As I See It: TERRY MURDEN says Boris Johnson is failing to sell the benefits of the United Kingdom
There has been a lot of talk about Boris Johnson’s vision of a bridge linking Scotland with Northern Ireland, a project that the Prime Minister sees as part of his grand plan to rebuild the UK.
It hasn’t gone down too well. Far from exciting the Scots, the prospect of a £20 billion bridge is seen as little more than a Downing Street vanity project and a waste of money. A solution to a problem that doesn’t exist.
The Prime Minister would be better advised trying to build bridges with those Scots who’ve turned their backs on his party. His dwindling band of supporters should have a quiet word, get him to drop his bridge plan and instead invest in something that would truly turn the heads of the Scots. Moreover, he needs to provide them with a reason to back his other key objective – rekindling their affection for the union.
It requires some imagination and an appeal to the nation’s instincts for creativity. He could try luring some of the biggest brains, investors and top technologists to Scotland to support new manufacturing and science; research into new fuels, food technology, and building turbines and trains that we currently buy from abroad.
Fundamentally, investing in getting the country back to work, improving productivity and wellbeing would also be an investment in those who might then be convinced of the merits of the union and that Scotland cannot thrive without it.
Mr Johnson pulled off the seemingly impossible by winning over the north of England on his way to a landslide general election victory. He faces a bigger task turning the tide in Scotland, but it needs to be done if he’s to save his union of nations.
The north of England constituencies were a different ball game. They were disillusioned with a Labour party which was seen to be making unrealistic promises even to those who had been loyal Labour backers for generations and had never contemplated voting Tory.
They’d vote Labour routinely, without question. But Britain has never been radically left wing and even Labour loyalists distrusted Jeremy Corbyn’s brand of socialism more than the Eton-educated incumbent in Number 10. A door that had been slammed firmly shut for a century was suddenly opening to the Tory leader who had already given them Brexit. Traditional Labour voters therefore did the unthinkable, betraying their forefathers by handing Mr Johnson swathes of northern seats served with Mr Corbyn’s head on a plate.
By contrast, creating a Scottish Powerhouse will require a battering ram to break through barricades that have continued to be reinforced by a nationalist movement whose supporters now include those who regard support for the union and the Tories as akin to a hate crime. It is scary politics, with the divide growing ever wider. Support for independence is now around 54%, and Nicola Sturgeon appears to be safely resident in Bute House for as long as she wants the job.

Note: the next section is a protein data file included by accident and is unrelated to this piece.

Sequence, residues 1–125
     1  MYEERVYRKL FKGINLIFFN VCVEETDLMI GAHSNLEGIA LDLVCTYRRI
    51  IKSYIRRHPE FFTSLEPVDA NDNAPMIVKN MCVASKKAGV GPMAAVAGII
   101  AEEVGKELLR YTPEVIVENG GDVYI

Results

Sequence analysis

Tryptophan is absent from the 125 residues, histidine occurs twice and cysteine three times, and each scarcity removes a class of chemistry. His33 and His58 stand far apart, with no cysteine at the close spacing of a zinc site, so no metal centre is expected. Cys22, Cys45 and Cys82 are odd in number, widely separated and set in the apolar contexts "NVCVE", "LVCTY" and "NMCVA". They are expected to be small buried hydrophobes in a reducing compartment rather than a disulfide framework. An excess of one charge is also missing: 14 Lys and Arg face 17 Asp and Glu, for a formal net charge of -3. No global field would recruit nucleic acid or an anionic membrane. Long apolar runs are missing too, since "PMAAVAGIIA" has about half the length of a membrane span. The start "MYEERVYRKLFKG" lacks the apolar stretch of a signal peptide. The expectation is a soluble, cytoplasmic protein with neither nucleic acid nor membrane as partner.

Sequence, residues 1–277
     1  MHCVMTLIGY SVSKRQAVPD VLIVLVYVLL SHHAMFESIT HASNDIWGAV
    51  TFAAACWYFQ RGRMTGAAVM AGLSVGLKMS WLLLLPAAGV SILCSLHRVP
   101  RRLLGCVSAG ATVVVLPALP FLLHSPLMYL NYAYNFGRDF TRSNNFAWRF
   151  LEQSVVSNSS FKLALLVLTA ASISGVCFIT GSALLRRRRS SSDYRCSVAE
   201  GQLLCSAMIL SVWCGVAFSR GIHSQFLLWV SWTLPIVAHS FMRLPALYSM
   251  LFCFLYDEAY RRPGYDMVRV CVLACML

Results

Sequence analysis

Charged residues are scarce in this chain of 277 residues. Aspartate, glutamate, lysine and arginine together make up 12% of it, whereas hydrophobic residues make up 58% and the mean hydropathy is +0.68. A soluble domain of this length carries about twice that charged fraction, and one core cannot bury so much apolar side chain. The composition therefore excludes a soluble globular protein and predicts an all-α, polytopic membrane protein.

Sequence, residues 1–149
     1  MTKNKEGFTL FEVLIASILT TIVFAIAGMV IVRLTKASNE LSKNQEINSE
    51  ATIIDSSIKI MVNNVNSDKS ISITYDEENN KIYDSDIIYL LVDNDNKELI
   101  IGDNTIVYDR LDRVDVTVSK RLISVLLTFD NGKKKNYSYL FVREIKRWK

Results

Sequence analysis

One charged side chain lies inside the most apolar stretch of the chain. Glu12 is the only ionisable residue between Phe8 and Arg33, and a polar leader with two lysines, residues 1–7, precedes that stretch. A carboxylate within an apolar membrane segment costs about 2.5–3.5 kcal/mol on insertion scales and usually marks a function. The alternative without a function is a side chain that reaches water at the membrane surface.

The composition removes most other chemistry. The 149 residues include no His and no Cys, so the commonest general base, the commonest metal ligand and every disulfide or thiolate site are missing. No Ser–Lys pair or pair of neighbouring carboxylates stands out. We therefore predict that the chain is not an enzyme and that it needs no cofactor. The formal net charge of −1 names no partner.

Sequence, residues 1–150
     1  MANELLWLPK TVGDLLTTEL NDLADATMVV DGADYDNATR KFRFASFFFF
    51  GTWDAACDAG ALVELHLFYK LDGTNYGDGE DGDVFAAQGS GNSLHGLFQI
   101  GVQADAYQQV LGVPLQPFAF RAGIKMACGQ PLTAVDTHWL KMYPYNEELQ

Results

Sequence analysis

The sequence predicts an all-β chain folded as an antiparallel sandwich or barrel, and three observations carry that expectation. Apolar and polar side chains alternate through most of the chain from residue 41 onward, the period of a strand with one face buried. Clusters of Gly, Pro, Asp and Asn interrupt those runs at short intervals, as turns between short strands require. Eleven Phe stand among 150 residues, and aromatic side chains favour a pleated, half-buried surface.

‘Just as the SNP moved its tanks on to Labour’s lawn and stole its supporters, the Conservatives have to appeal to those soft SNP supporters who believe that devolution is no bad thing’
Mr Johnson needs nothing short of a miracle if he is to make any sort of inroads into this Tory-forbidden territory where it is no longer unusual for even the police to turn a blind eye to banners and placards requesting the Tories go forth and multiply.
But he has to start somewhere. Just as the SNP moved its tanks on to Scottish Labour’s lawn and stole its supporters, the Conservatives have to appeal to those soft SNP supporters who believe that devolution is no bad thing; that just getting more control, rather than full control, would actually give Scotland the best of both worlds.
Just now, the Tories are failing to sell the benefits of the union to the Scots and are led by a man best known to many as a blundering buffoon, out of touch with life outside the Westminster bubble, and seemingly unaware of what is driving Scotland ever closer to disengaging with London. The SNP has created a vision of independence in which all things attached to Scottish sovereignty are good, positive, just and deserving, while the union is viewed as a bleak and rudderless notion championed by a mean-spirited party that only the misguided could possibly support.
Mr Johnson wants his ministers and MPs to talk up the union, but he’s the boss and the buck stops with him. To that extent, he has made few worthwhile contributions of his own. If he wants to be Prime Minister of the whole UK he has to be regarded as a true representative of the people of Dundee and Dumfries, as well as Dulwich and Dover, showing he really believes in their future and not just in the ideal of a United Kingdom.